How tick box culture has made nursing the UNCARING professionThe modern career of a nurse has turned the 'caring profession' academic



22:35 GMT, 8 December 2012

Not long ago, a friend of mine, who is in her 40s, was in hospital following a knee operation. She suffered a reaction to the morphine she’d been given and was very sick. And then the drug wore off completely.

At night in her bed, with tears streaming down her face in utter, desperate pain, she later told me she had never felt so alone. And then something miraculous happened. A nurse appeared, and gently held her hand.

My friend recalls: ‘It was almost maternal and I was shocked by the tenderness – I’d not been touched for days, apart from the various functional examinations of my leg.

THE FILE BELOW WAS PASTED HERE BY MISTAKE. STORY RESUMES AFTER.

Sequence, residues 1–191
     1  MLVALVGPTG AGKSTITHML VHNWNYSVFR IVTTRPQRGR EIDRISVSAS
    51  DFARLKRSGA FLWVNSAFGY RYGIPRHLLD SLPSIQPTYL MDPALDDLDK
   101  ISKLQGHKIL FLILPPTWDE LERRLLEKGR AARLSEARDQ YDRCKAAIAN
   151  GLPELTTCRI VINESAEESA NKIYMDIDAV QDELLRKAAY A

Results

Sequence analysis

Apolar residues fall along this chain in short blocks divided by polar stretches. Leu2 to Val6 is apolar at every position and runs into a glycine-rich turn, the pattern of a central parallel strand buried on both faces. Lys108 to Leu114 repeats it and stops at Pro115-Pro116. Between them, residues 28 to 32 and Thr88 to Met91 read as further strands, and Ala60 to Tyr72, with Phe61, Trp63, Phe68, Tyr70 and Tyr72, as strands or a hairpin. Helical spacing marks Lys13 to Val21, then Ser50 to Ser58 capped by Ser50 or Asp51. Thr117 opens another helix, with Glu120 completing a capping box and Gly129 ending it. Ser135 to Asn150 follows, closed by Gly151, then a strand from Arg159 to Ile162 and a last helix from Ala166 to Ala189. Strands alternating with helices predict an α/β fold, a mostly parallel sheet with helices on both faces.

Pressure: NHS Nurses in Do Not Disturb tabards that caused and outcry

Pressure: NHS Nurses in Do Not Disturb tabards that caused and outcry

‘She told me, “It’ll be okay .  .  . there, there.”

‘I stopped crying almost instantly. That nurse stayed with me for however long it took for the new painkillers to kick in – it could have been a few minutes or half an hour – and then I fell asleep.

‘I didn’t see her again, but I’ll never forget how much better she made me feel just by offering some comfort.’

I was reminded of her story last week, when I read that Chief Nursing Officer Jane Cummings wanted to see the return of compassion to the curriculum of student nurses, alongside clinical skills.

I felt my heart sink with recognition of a problem I have been fighting against for years.